When Diversity Drops
Race, Religion, and Affirmative Action in Higher Education
Publication Year: 2013
The story documents IVCF’s evolution from a predominantly white group that rarely addressed race to the most racially diverse campus fellowship at the university. However, its ability to maintain its multiethnic membership was severely hampered by the drop in black enrollment at California University following the passage of Proposition 209, a statewide affirmative action ban.
Park demonstrates how the friendships that students have—or do not have—across racial lines are not just a matter of personal preference or choice; they take place in the contexts that are inevitably shaped by the demographic conditions of the university. She contends that a strong organizational commitment to diversity, while essential, cannot sustain racially diverse student subcultures. Her work makes a critical contribution to our understanding of race and inequality in collegiate life and is a valuable resource for educators and researchers interested in the influence of racial politics on students’ lives.
Published by: Rutgers University Press
Title Page, Copyright PAge
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Preface and Acknowledgments
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When I was in college, I visited a childhood friend who was attending Stanford University. One night she invited me to a group discussion on race that was being hosted by InterVarsity Christian Fellowship (IVCF), an evangelical student organization that she attended regularly. When we got there, we were asked to break into small groups by race and, ...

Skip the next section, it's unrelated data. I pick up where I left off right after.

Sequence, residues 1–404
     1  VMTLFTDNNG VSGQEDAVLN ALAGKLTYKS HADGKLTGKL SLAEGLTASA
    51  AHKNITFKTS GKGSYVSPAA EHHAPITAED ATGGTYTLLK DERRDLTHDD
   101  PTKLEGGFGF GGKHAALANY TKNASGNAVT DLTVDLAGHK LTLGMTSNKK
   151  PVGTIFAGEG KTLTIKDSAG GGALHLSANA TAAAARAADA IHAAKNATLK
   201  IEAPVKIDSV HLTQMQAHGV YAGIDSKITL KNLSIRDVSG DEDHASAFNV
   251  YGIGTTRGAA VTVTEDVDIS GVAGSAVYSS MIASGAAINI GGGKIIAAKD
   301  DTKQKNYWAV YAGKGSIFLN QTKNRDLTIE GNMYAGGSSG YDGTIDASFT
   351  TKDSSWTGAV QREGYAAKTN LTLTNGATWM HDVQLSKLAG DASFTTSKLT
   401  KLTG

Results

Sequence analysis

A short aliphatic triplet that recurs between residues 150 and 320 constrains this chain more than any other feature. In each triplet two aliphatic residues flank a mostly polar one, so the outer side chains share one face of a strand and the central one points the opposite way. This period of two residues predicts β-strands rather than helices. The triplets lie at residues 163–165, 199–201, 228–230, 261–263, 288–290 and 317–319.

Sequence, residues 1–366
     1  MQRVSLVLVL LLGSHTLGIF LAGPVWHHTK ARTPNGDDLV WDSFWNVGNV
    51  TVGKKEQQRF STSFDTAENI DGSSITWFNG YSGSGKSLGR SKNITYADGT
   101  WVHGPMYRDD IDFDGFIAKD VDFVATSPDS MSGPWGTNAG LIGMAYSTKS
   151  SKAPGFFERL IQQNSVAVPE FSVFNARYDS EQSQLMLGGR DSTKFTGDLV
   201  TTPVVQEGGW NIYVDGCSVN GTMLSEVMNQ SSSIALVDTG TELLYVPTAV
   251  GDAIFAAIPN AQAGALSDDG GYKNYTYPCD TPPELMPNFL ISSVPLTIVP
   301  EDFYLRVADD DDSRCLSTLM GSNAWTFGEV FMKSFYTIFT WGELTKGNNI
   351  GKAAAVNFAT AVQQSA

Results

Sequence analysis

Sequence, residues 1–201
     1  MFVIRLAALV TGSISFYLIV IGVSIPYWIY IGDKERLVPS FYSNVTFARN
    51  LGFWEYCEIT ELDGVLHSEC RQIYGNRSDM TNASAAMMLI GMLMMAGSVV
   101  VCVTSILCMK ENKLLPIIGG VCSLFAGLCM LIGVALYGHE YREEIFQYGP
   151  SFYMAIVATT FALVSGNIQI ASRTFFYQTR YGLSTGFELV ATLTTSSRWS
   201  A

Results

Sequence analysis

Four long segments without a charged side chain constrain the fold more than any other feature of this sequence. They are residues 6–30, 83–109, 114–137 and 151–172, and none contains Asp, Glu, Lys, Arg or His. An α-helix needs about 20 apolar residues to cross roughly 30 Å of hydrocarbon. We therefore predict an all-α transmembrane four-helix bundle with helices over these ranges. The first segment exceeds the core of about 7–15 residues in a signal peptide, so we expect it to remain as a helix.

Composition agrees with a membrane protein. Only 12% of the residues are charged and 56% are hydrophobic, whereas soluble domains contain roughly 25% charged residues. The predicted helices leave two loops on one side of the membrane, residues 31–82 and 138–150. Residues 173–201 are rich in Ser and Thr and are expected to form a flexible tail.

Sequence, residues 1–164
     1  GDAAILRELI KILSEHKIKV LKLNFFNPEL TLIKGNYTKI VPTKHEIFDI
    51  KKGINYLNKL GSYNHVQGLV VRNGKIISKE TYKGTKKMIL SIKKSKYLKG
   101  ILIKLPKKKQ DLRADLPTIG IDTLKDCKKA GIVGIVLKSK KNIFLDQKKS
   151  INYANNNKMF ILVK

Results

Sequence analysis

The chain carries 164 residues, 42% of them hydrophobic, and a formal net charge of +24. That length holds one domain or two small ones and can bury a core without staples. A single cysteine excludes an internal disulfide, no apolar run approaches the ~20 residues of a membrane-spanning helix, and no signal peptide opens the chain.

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It was a warm spring afternoon at what I am calling, for reasons of ano-nymity, California University (CU), a large public institution on the West Coast. A gaggle of students lined both sides of CU Walk, a pathway where students often gathered during lunchtime to pass out fliers and socialize. There were the usual staples— a table covered with pamphlets from the ...
The Cultural and Organizational Contexts of Race, Religion, and Higher Education
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Several scholarly examinations of campus fellowships focus on how these groups function as oppositional subcultures that shield evangelical Chris-tian students from the ungodly influence of the secular university (see, for example, Bramadat 2000; Bryant 2004; Magolda and Ebben Gross 2009). In the late twentieth and early twenty- first centuries, issues of race and ...
Changing a Culture
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...[IVCF] was very diverse and that was relatively new. I mean, diversity for me was white people, all white or all Asian, and I saw a lot of everybody else in the fellowship. It wasn’t even just like half white and half Asian, it was everything, African Americans, Hispanics, Latinos, Middle Eastern, and Indian and stuff. . . . I enjoyed the diversity of the leadership as much, ...
Pursuing Common Goals
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In the public’s mind, evangelical Christians are known more for their aggressive advocacy on issues such as abortion and same- sex marriage than for their commitment to racial justice. Sandy explained how she struggled to justify IVCF’s emphasis on race to fellow Christians:I think [racial reconciliation is] just a harder issue for people to ...